Did you know that if you are receiving CPP benefits, are still working and are between the ages of 65 and 70, you can elect to stop making CPP contributions.
Contributing to the Canada Pension Plan (CPP) is mandatory for working Canadians between the ages of 18 and 64, but optional after age 65.
This can be done by completing the form CPT30, providing a copy to your employer and sending the original to the Canada Revenue Agency (CRA). Once completed, the election becomes effective on the first day of the next month. This means if you turn 65 in May, and you send in the election form on your birthday, your employer can stop deducting CPP from your earnings on June 1.
You can also file this election if you are self-employed. However, instead of filling out form CPT30, you would complete Schedule 8 CPP Contributions and Overpayment on your annual T1 tax return. Similar to employees, you must be at least 65 and the election takes effect on the first day of the next month of the stop date selected.
Deciding whether to continue to contribute to the Canada Pension Plan depends on your financial situation and many other factors. Note that for employees, CPP costs 4.95% of your earnings. Your employer takes care of their portion. If you are self-employed or own your own business, this number doubles because you need to pay both the employer and employee portion.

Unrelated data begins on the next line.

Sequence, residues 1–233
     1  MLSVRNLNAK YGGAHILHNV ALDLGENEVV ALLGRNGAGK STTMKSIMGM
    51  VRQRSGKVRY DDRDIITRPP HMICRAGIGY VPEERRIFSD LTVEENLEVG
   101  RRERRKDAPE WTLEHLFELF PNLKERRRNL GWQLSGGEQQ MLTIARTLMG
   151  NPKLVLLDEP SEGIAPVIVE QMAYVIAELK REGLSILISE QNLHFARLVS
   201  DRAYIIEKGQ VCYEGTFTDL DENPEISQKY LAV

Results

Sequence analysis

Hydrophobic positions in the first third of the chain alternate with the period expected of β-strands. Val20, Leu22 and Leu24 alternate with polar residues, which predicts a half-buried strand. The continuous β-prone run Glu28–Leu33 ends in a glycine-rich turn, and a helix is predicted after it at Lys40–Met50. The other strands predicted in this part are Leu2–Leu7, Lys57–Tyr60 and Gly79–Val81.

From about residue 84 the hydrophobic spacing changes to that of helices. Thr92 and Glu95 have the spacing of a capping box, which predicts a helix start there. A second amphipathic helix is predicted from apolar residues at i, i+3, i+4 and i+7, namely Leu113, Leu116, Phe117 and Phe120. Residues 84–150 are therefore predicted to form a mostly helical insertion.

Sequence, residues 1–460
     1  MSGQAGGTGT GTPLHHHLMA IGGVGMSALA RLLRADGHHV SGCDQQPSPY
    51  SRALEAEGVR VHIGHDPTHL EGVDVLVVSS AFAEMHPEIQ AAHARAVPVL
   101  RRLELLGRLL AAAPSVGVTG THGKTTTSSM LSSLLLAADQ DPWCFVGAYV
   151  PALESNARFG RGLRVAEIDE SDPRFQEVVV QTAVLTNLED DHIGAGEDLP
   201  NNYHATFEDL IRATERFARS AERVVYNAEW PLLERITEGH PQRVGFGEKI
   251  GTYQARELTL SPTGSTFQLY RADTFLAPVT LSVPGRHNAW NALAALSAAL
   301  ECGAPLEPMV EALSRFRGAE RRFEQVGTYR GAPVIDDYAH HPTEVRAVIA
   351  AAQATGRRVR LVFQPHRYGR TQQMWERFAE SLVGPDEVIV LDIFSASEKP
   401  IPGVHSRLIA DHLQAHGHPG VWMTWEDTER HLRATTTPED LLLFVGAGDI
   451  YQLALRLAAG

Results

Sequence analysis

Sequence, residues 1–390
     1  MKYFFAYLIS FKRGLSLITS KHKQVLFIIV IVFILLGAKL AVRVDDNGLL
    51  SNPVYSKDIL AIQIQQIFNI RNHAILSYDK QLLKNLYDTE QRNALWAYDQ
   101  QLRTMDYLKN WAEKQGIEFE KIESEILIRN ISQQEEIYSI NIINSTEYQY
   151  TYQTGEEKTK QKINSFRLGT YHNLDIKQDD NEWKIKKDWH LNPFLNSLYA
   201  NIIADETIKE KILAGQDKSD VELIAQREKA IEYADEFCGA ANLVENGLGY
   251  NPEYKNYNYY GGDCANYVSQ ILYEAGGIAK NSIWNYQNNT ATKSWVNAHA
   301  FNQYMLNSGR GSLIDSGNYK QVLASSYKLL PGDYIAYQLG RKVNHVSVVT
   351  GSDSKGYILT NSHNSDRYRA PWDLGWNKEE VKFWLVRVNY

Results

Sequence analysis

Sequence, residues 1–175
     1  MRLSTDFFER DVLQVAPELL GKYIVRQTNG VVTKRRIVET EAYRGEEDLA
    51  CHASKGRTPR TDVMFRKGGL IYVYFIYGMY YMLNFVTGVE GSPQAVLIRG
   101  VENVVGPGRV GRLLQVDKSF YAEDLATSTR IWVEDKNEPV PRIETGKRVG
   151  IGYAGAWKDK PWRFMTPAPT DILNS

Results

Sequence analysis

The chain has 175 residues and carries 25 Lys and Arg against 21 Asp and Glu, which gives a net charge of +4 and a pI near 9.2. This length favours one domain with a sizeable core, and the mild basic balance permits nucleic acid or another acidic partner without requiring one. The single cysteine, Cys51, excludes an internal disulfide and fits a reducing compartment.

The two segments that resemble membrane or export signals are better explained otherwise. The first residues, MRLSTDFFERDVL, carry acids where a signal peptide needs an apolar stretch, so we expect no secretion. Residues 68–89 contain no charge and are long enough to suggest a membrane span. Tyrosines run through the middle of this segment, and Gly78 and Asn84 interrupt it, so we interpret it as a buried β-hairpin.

Filing this election is not permanent. You can choose to restart contributing to CPP as long as you are still within the required age range. However, the form can only be filled out once a year. If you filed the election this year, you need to wait until next year to start contributing again. As soon as you turn 70, you are no longer required to pay into CPP.
Thanks to Stephanie Kwan of KWB Chartered Accountants for providing this content.
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